A short video clip, has been published by the SBU, which the interior minister Arsen Avakov initially said was filmed by an undercover unit in Krasnodon at 4.50am on the 18th. In fact, the video has been geolocated to Lugansk.

The video clip shows what may be the same trailer and BUK, with a missile missing, travelling into the Lugansk suburbs at an unknown time. Lugansk. on the 17th, was mainly rebel controlled (although parts were reported to have been taken by pro-Kiev forces on the 18th). This video clip does not show any support vehicles. The intersection it is filmed on is not on a direct route from Snivhne to the Russian border.

To sum up, the Ukrainians have managed to put together a credible narrative but the scenario they present currently lacks concrete evidence, particularly of the BUK originating from or returning to Russia. The intercepts they have produced indicate that if the rebels did shoot the plane down, it was a mistake.

The Russians have published satellite imagery of the area which shows Ukrainian BUKs very close to the area. They may have more satellite evidence of the movements of these BUKs and of the BUK(s) seen in Torez and Snizhne.

The USA has not provided any data, but an intelligence assessment that the missile was fired from a “rebel-held area” that, as far as they know, the Russians weren’t involved and that the shooting down was a mistake.

The rebel’s official line (in so far as the various groups have one) is that they weren’t involved, but it seems some rebel officials have been making admissions that their forces have made a dreadful error.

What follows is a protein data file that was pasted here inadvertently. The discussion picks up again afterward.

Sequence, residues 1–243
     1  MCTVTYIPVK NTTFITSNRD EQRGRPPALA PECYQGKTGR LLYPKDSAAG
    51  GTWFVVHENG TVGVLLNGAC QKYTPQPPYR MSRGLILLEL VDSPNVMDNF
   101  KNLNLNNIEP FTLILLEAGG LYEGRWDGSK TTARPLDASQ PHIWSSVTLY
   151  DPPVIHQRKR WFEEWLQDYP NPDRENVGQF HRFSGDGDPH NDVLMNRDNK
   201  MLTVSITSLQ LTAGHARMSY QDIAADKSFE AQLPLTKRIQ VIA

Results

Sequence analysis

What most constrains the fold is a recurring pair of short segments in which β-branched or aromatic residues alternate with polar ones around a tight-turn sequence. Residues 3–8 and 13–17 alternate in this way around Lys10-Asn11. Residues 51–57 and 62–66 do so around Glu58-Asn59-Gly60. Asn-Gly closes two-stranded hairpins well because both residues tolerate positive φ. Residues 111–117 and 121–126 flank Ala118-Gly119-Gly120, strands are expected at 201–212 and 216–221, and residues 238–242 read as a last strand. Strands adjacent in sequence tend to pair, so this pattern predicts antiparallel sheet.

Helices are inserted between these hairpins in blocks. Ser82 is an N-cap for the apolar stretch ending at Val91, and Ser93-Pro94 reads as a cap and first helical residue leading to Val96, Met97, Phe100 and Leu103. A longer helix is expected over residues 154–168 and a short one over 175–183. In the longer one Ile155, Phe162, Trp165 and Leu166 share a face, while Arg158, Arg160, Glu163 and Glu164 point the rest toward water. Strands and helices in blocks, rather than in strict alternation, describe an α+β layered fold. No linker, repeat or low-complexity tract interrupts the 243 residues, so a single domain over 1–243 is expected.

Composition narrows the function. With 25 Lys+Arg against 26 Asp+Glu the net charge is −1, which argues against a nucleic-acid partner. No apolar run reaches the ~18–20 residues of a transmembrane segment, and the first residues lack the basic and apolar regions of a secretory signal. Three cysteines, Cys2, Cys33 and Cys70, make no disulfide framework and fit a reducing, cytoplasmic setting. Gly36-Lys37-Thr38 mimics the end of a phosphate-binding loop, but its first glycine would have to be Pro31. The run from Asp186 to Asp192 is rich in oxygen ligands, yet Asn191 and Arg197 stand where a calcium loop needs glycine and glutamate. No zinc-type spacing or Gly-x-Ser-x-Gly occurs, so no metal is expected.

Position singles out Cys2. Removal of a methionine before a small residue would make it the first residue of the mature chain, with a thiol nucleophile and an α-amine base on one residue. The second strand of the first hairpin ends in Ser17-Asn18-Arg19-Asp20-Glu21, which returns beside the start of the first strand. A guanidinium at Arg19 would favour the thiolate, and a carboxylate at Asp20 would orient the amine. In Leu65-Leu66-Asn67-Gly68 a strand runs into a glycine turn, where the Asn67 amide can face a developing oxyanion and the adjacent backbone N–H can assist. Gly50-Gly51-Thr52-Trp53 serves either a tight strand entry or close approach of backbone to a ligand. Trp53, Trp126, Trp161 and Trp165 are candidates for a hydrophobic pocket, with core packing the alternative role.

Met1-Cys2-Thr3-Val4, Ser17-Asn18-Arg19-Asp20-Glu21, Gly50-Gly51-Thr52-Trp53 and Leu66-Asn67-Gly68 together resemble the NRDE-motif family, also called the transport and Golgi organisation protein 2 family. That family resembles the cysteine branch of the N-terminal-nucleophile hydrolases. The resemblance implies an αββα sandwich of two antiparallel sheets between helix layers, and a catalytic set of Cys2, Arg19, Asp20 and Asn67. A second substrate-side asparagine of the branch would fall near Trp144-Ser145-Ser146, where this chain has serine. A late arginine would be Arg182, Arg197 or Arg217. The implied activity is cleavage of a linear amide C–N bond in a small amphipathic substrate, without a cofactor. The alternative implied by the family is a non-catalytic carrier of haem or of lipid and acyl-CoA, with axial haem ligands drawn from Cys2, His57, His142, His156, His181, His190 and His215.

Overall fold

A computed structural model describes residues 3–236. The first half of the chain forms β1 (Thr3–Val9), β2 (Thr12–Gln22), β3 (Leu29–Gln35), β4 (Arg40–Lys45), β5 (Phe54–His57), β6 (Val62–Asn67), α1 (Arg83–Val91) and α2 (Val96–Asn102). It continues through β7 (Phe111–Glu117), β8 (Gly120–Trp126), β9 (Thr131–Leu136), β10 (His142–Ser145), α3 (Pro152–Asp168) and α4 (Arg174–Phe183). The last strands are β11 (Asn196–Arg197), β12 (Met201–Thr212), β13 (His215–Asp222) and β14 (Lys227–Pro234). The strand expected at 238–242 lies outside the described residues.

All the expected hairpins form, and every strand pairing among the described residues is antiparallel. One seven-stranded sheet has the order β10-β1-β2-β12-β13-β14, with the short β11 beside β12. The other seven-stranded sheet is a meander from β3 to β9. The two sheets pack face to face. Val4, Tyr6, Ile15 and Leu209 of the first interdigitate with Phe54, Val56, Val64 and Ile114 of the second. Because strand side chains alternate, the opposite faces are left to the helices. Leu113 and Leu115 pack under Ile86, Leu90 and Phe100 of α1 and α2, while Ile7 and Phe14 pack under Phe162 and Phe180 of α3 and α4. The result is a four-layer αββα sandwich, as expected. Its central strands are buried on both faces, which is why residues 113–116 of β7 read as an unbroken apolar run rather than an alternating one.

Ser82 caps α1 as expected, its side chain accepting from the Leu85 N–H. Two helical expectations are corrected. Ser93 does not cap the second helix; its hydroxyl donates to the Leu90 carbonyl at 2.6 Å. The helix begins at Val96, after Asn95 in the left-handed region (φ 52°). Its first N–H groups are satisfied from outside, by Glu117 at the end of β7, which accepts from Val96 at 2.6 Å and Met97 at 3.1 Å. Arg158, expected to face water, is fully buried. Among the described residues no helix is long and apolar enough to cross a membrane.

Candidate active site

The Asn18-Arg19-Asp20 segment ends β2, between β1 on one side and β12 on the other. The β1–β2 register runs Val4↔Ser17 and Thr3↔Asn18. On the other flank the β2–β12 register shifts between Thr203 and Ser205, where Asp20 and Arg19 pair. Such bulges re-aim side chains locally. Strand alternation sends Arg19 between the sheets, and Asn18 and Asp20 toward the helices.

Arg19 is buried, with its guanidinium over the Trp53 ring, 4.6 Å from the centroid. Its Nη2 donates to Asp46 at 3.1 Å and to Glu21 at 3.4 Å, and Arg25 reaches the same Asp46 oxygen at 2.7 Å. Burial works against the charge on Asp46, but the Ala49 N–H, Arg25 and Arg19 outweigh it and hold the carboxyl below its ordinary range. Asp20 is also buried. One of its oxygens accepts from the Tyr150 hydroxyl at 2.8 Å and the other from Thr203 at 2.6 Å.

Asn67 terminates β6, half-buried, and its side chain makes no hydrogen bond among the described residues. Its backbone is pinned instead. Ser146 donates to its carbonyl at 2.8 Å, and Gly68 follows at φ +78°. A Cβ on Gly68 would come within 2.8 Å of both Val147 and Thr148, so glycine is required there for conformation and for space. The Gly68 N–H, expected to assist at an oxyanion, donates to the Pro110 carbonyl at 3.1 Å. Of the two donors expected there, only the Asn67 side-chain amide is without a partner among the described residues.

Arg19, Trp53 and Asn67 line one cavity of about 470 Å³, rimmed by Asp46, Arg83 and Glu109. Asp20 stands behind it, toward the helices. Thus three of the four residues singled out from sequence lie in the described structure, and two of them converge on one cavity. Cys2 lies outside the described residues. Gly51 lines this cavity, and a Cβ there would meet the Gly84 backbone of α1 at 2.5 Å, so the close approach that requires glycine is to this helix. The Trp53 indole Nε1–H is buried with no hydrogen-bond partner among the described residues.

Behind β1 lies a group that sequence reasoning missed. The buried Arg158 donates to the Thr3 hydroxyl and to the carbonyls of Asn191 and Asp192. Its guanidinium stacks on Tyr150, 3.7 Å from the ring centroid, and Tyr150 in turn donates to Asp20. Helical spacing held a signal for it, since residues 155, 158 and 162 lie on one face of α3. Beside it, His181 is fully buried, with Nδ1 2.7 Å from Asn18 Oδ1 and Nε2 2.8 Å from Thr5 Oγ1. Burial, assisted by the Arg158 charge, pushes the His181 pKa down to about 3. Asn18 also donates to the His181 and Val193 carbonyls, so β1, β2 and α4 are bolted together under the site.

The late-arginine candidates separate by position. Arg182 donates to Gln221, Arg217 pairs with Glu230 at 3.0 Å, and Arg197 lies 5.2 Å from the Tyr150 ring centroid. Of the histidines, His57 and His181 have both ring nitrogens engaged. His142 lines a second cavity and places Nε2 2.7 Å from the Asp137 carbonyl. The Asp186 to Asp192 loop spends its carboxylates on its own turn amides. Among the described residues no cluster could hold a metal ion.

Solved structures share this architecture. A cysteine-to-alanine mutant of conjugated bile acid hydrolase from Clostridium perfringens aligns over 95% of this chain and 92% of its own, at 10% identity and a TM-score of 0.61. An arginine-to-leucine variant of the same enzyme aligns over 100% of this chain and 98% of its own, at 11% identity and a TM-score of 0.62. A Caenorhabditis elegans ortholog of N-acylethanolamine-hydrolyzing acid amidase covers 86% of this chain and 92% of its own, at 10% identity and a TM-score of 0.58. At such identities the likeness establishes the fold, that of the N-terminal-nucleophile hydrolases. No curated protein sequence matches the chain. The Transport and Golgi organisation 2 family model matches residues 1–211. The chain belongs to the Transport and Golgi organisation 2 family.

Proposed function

Even if the plane was shot down in the belief it was a military plane, the crew could still be held responsible for a war crime if they did not take enough care to protect civilian lives. It is certainly possible that governments from which victims came will push for some kind of trial.

This may give all parties (including pro-Kiev pilots and politicians) pause for thought, as any war crimes tribunal for Ukraine may consider the potential war crimes committed by the pro-Kiev side, including bombing of civilian areas from the air and by Grad rockets, in which 100s of civilians have also died. However, as we know, US allies and their proxies are rarely, if ever, held to account for their war crimes, and in the ICC the one-sided nature of international justice is there for all to see.

As for the wider picture, the MH17 tragedy is a part of the greater Ukrainian tragedy which goes back to the control of the country by competing oligarchs and the failure to develop a unified sense of identity or mutual tolerance. The current attempts (by Ukraine’s nationalists and especially by neo-fascist forces) to destroy the Russian heritage and culture of the country is leading Ukraine deeper and deeper into disaster.

Unfortunately, this is seen as a geo-political success by many in the US foreign policy establishment, who are glad of the opportunity to drive a wedge between Europe and Russia, forestall the creation of a Euroasian union and perhaps weaken Russia, an awkward obstacle to global hegemony.